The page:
A new paper co-authored by Jan Rosenow, Senior Research Fellow at the Centre on Innovation and Energy Demand (CIED), looks at evaluations of low carbon building technologies in the UK residential sector and identifies the policy implications of the gap between the predicted and actual impact of these technologies.
The article highlights that the so-called performance gap is an ongoing problem in the UK, reviewing some of the causes of this gap as well as making recommendations to policy makers on how best to address the issue.
The researchers argue for a set of high-level principles for evaluation, industry standards, programmes rewarding actual measured energy savings based on metered energy consumption (‘pay-for-performance’) and innovative retrofit programmes using performance guarantees (such as ‘Energiesprong’ in the Netherlands).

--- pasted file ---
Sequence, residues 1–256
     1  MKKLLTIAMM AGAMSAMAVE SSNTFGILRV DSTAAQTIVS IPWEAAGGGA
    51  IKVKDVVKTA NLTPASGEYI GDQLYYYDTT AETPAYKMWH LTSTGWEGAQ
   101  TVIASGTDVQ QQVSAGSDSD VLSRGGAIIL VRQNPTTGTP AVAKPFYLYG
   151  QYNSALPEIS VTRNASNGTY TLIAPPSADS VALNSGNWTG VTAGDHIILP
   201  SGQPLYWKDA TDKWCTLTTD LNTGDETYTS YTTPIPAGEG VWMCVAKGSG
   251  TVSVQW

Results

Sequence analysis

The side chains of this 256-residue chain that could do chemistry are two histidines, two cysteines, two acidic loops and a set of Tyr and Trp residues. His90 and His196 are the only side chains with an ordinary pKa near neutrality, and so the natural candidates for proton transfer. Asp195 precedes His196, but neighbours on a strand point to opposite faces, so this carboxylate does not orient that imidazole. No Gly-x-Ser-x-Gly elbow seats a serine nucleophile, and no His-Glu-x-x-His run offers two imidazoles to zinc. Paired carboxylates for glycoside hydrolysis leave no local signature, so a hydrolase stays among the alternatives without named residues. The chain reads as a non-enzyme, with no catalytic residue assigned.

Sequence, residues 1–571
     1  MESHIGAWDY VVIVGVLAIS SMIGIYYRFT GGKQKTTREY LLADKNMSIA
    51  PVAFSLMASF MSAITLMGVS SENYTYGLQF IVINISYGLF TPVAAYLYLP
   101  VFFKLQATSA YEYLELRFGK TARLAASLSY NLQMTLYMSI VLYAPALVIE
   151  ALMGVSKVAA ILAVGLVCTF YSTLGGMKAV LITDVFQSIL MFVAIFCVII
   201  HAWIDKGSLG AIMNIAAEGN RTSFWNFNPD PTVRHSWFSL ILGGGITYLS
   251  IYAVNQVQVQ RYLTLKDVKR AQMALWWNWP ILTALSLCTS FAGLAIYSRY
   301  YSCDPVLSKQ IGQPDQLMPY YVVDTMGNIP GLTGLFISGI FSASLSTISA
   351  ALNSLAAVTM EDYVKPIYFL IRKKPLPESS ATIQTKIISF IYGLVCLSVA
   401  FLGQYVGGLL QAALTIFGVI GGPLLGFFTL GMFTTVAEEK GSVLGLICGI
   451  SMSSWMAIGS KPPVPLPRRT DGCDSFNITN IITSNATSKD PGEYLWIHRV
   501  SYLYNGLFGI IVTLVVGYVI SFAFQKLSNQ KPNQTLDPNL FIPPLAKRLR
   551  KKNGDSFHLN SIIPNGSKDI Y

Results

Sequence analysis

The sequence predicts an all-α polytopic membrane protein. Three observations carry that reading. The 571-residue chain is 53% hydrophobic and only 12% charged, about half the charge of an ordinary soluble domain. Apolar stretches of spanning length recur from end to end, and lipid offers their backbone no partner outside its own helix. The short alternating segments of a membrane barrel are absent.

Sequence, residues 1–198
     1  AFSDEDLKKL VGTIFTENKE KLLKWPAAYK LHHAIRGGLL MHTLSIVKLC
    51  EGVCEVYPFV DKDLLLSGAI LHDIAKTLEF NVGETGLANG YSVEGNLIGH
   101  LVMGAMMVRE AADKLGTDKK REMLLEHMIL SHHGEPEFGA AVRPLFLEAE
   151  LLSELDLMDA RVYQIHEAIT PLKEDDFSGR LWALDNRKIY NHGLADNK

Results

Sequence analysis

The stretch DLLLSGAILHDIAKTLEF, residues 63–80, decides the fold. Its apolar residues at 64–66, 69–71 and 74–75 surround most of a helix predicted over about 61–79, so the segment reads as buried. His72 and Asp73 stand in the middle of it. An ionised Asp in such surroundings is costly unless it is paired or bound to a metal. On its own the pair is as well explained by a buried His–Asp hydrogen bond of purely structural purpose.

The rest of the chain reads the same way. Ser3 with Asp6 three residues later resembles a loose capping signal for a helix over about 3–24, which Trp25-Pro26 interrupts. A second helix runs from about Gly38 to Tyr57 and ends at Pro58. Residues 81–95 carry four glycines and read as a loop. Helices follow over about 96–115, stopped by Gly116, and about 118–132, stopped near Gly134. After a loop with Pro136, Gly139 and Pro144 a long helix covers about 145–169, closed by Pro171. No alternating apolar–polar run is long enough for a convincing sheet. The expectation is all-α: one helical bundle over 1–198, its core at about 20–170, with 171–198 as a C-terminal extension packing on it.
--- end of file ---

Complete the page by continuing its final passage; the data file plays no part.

The study is a retrospective summary of six of the most recent grey literature evaluations of low carbon technologies in the UK residential sector carried out by a range of organisations, including the Energy Savings Trust.
Read the full paper.
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